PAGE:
Cities across the United States are facing immense financial pressure. With limited public funds, they aren’t able to invest enough in the community, economic or human capital development that is needed to ensure all low-income residents have access to opportunity. While philanthropic dollars can help, a significantly larger opportunity lies with private sector capital. If we can harness the power of private capital to work on behalf of underserved communities, we’ll be able to significantly increase opportunity for low-income people and the cities in which they live.
Yet getting private capital to flow towards community investment is not easy. One lesson we’ve learned through our Integration Initiative* is that the ability of places to effectively use different forms of capital to provide needed goods and services to underserved communities – that is, the _ capital absorption capacity of places_ – is dependent on an ecosystem that performs the functions required to absorb and then deploy this investment capital. This means that even if a place has a significant supply of capital, without a supportive ecosystem for investment, community investments won’t be made.
Perhaps more importantly, we’re also learning that community investments can be facilitated by the robust civic infrastructure of a collective impact partnership. In these partnerships, decision-makers from across sectors and jurisdictions work together to define and address complex social problems. Collective impact partnerships are a core element of Living Cities’ Integration Initiative.
Private capital engagement is another core element. Each Integration Initiative site has a Community Development Financial Institution (CDFI) partner involved in its cross-sector leadership. The benefits of a CDFI participant in the partnership flow in both directions. CDFIs help realistically shape community investment deals through their market perspective, provide access to sources of capital (such as New Markets Tax Credits), and provide insights into how grants and subsidies can be used to unlock further capital from impact investors. On the flip side, CDFIs and other lenders become more effective in achieving their own mission by meaningfully participating in the civic leadership of a place.
How is a CDFI’s capacity enhanced by participating in collective impact partnerships? The answer is in the relationships they form. The cross-sector partnership can help them gain broader exposure and build new relationships with local decision-makers. This is the foundation upon which several more tangible and transactional benefits are built. For example: in Minneapolis-St. Paul, the Neighborhood Development Center’s involvement in Corridors of Opportunity led to new relationships with the county government and, eventually, to new connections to East and West African communities in the Twin Cities’ suburbs (which evolved into new entrepreneurial program offerings).
Participation in collective impact efforts helps facilitate community investment in three concrete ways:
Developing a lending pipeline. By sitting at a table of local cross-sector leaders, lenders are able to develop stronger relationships with city and state officials, philanthropy, business leaders and non-profit partners. These relationships can lead to deal referrals and consideration for prominent community development projects. Ongoing participation on a collective impact table allows CDFIs to solidify their role in the community investment ecosystem of a particular place.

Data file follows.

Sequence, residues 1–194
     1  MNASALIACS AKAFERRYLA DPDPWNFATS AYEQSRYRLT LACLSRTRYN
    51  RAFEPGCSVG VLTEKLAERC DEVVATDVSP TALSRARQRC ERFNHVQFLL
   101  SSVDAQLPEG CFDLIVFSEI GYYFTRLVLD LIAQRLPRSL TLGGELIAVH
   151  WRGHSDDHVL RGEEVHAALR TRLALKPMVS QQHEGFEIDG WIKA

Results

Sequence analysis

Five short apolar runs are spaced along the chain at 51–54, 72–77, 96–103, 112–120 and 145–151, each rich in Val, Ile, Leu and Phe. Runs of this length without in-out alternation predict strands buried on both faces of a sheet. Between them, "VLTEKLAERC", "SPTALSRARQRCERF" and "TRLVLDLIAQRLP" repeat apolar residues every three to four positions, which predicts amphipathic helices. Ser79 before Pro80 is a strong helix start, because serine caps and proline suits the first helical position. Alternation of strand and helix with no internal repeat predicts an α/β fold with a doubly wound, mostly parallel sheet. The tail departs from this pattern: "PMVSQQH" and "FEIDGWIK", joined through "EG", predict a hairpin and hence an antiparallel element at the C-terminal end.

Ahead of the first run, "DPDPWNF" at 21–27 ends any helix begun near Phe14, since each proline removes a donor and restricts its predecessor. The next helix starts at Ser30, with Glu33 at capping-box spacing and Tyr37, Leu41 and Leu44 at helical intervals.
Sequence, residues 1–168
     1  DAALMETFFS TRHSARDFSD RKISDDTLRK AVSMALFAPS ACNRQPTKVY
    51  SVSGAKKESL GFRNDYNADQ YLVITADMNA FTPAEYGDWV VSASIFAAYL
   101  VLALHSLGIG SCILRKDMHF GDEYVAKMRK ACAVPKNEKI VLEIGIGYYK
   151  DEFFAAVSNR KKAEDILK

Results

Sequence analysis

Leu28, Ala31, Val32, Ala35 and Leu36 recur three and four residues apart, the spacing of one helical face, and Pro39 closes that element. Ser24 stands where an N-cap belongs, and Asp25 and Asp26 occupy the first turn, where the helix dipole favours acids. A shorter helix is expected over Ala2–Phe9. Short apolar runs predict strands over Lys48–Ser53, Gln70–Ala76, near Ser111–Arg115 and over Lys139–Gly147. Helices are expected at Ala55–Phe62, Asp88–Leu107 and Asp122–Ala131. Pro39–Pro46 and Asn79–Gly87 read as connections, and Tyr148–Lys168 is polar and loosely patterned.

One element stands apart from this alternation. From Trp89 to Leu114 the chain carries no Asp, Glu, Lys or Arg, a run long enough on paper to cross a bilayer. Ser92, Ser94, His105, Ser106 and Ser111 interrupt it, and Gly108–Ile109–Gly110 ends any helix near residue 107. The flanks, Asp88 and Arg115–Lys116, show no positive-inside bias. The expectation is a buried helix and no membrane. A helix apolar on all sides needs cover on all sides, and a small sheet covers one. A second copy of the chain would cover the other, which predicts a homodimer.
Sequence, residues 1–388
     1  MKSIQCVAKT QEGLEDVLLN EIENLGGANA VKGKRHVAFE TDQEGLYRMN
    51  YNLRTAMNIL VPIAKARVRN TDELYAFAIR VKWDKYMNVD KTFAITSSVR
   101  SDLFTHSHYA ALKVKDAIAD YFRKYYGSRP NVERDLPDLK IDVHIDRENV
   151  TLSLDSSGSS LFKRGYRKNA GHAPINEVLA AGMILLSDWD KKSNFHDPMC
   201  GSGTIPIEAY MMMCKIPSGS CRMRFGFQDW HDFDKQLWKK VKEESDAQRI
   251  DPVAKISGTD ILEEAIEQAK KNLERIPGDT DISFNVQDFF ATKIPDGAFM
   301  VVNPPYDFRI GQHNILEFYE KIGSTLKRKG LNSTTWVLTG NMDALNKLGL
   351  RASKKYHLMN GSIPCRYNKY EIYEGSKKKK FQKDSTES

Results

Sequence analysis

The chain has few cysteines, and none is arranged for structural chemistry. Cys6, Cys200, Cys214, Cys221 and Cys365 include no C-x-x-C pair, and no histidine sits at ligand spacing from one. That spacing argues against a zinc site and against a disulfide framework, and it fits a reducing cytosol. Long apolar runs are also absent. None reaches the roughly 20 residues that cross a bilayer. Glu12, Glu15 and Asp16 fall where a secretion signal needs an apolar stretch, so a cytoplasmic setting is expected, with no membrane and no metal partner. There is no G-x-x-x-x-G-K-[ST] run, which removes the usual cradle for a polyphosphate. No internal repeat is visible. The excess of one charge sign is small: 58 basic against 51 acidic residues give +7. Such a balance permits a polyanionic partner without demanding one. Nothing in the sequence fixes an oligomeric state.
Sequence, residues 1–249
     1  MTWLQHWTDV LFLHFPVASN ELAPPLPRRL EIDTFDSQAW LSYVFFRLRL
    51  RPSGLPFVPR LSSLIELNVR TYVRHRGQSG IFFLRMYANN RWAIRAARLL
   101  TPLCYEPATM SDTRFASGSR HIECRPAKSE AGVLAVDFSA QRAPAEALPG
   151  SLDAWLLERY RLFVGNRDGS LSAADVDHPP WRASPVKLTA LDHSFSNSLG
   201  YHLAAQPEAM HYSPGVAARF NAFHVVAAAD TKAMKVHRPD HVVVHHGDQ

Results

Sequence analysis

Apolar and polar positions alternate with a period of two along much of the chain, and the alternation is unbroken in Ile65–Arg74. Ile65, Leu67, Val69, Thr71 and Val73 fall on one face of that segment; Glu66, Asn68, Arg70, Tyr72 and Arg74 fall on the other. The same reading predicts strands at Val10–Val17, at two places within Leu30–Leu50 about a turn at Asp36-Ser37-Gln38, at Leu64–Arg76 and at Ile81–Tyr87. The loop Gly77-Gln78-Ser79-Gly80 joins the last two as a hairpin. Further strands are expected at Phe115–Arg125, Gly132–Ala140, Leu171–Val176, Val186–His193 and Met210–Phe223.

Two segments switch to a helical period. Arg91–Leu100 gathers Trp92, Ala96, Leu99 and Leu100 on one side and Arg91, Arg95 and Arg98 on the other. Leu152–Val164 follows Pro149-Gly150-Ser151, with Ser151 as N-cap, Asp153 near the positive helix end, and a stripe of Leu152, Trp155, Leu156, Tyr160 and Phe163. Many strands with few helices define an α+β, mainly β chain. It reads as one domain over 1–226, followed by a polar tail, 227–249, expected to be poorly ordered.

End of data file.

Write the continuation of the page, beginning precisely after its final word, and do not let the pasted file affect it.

Identifying new business development opportunities. Beyond the benefits of deal referral, community investment lenders also gain from insights into new program or business development opportunities. For example, The Reinvestment Fund’s (TRF) participation in the governance for the Baltimore Integration Partnership (BIP) led to new prospects for fresh food and energy lending, as well as anchor engagement and additional policy work. Relationships made through participation in BIP also helped TRF raise additional capital from local philanthropy for these new areas of work.
Overcoming gaps and hurdles to closing deals. Developing community revitalization projects can often cause headaches for all involved, especially in weaker market cities where debt capital is less available and real estate values are depressed. A third tangible benefit of sustained relationships with leading civic decision-makers is access to alternative funding sources. By participating in a local partnership with leaders from the private and philanthropic sectors, CDFIs are able to access public and philanthropic capital and subsidy needed to patch together complicated financing (whether for real estate or businesses). This is the case with NCB Capital Impact’s participation in the Woodward Corridor Initiative (WCI) in Detroit, where the CDFI has had to blend senior and subordinated debt with subsidy and grants to close on WCI projects. Aside from filling financing gaps, relationships also allow CDFIs to surmount potential regulatory hurdles, such as permitting and ordinances.
When CDFIs become embedded in a local civic leadership ecosystem - as happens when participating in a collective impact partnership - they improve their ability to deploy capital to improve outcomes for low-income communities and build equitable cities. The relationships built within a robust civic infrastructure lay the groundwork for sustained community investment by enhancing lender capacity as well as the capacity of the overall investment ecosystem. As impact investment gain momentum, the role of a strong civic infrastructure becomes even more critical in figuring out how to channel private capital for social good.
*The Integration Initiative is an $85 million initiative to change the systems that produce poor outcomes for low-income people in Baltimore, Cleveland, Detroit, Minneapolis-St. Paul, and Newark.